Gun bill heard, abortion bill revived, rules discussed in Legislature
February 11th, 2017
Nebraska cities would be prohibited from enacting stricter gun laws than those allowed by the state, under a bill heard Friday by a legislative committee. An abortion measure that was killed has been revived. And the Legislature once again debated the rules that govern it.
Lincoln, NE – Sen. Mike Hilgers of Lincoln is chief sponsor of the gun bill, which would prohibit Nebraska cities from enacting ordinances on transporting or possessing guns. Hilgers said he wants to prevent gun owners from unknowingly being trapped by a patchwork of local regulations.
“If you live in Lincoln, as I do, you do not have to register your firearm, if you own one. Omaha, however, requires you to register a firearm, if you own one,” Hilgers said. “Therefore, if you drive from Lincoln to Omaha, then the moment â€“ the very moment — you cross the city limits you are in violation of Omahaâ€™s ordinance, at the risk of a charge on your record, a fine of up to $500, potential imprisonment up to six months, and the loss of your firearm.”
Among those supporting the bill was Chris Kopacki of the National Rifle Association, who said heâ€™d talked to a lot of people about the need for the bill.
“One such conversation involved a person that spends time here in Lincoln during the week and keeps a gun in their car when theyâ€™re traveling, which many people do for self-protection or to go hunting on some down time. Sometimes they park their car for an extended period of time with a gun locked in the trunk,” Kopacki related.
“They were very concerned to learn that they are breaking the law in Lincoln if itâ€™s left in their car for more than 24 hours. Again, they could be an accidental criminal for breaking a law that does not exist in their hometown.”
A long parade of opponents said the bill would preempt important local protections. Amanda Gailey of Nebraskans against Gun Violence gave the example of a law in Lincoln that prohibits bringing guns into domestic violence shelters. “Weâ€™re supposed to wipe out protections everyone in this room benefits from because a minority, fringe, ideologically-driven group of people are so fetishizing their guns that they think all public safety needs to be in service to that hobby of theirs,” Gailey complained.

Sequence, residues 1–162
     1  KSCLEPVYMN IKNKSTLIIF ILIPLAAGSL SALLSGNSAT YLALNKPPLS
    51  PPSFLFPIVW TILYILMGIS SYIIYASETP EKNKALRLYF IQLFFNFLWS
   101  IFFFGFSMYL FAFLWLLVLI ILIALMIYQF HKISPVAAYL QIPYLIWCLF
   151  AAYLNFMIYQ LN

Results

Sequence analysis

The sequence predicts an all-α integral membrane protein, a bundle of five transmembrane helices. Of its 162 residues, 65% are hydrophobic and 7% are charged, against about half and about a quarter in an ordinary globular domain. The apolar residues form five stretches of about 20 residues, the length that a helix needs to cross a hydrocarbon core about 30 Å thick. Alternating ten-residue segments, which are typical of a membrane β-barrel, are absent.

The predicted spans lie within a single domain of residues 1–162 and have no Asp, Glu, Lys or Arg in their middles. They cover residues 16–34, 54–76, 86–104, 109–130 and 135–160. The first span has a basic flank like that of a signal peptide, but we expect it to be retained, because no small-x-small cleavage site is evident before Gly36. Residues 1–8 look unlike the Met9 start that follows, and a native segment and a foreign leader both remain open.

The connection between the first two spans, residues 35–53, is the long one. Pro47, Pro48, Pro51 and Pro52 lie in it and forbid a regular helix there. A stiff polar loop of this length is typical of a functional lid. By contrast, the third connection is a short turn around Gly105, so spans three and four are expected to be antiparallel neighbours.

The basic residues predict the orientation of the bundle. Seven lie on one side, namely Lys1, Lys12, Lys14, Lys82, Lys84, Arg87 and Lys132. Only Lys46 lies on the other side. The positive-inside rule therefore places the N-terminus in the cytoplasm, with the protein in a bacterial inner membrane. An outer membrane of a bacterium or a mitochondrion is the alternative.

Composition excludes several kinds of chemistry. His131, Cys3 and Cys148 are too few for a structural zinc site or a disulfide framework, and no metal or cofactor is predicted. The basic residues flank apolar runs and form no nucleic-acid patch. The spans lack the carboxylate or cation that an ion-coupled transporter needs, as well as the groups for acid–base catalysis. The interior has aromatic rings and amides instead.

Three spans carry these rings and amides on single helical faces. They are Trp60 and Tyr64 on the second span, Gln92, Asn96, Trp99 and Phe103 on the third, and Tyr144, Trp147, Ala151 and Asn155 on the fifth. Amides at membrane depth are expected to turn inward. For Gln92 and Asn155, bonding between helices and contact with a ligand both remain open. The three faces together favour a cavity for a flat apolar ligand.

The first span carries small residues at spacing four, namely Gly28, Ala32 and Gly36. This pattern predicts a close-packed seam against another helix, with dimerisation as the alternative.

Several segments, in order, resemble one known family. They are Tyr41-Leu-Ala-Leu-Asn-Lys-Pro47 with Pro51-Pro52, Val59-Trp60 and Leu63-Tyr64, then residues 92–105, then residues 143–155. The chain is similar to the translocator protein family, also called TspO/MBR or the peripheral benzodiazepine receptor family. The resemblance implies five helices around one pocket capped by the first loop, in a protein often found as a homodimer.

Sgt. Aaron Hanson of the Omaha Police opposed the bill on behalf of the Omaha Police Officers Association. Hanson said it makes sense to allow different gun laws in different places.
“Driving down a dirt road with a loaded AR15 in your lap, while never advisable, might be more understandable for the keen-eyed rancher on the lookout for calf-killing coyotes, but that same activity would be a huge concern on a road in Omaha and especially on a stretch of road with a history of homicides or shootings,” Hanson said.
The committee took no immediate action on the bill.
Meanwhile, a bill requiring abortion providers to provide a link on their websites to a state website featuring pictures of fetal development has been revived. The bill was originally introduced by Sen. Bill Kintner. Kintner resigned last month following furor over his retweeting a tweet that some interpreted as joking about sexual assault.
Last week, when no other senator stepped forward to sponsor the bill, the Health and Human Services Committee voted unanimously to kill it. But Thursday afternoon, after Sen. John Murante said he would pick it up, the committee reversed itself and voted 4-3 to revive it. A public hearing on the proposal is expected to be held in late March.
And debate in the full Legislature Friday was dominated again, as it has been recently, by a fight over whether or not to make it easier for a legislative majority to end filibusters against bills by a legislative minority.
Among those arguing for that idea was Sen. Steve Erdman, who used a metaphor thatâ€™s cropped up earlier in the debate. “There are things you do when you win â€“ you win with dignity and grace — and also when you lose — you pull up your big boy pants and move on. So itâ€™s time for us to quit whining about losing on the first day or whatever we might be doing,” Erdman said.
“We put a smokescreen up that weâ€™re talking about the budget and weâ€™re so concerned about congeniality and weâ€™re going to get along. And weâ€™re nonpartisan,” Erdman continued. “Weâ€™ve always been partisan ever since this body was formed and we always will be. Letâ€™s just face it head on and get on with what we need to do.
The pants metaphor was too much for Sen. Patty Pansing Brooks. “I know itâ€™s a colloquialism, but I do rise every day as a strong powerful woman. I donâ€™t put on any kind of big boy pants. Just wanted to point that little part out,” she said.
And Pansing Brooks went on to say the fight over the rules is not over. “These are important discussions, Nebraska. I know that the rules doesnâ€™t deal with all the important things that youâ€™ve elected us to come and do here. But if the minority voters are continuing to have their rights trampled then we will stand up and continue to fight for those rights,” she said.
Once again, lawmakers adjourned without adopting permanent rules. The rules fight has occupied so much time this session that lawmakers have not passed a single bill. By this time in the last long session, two years ago, they had passed 9, largely minor technical measures. But with nearly one-third of the session gone, the backlog of measures building up makes it likely many will not be debated if the rules fight is not resolved soon.
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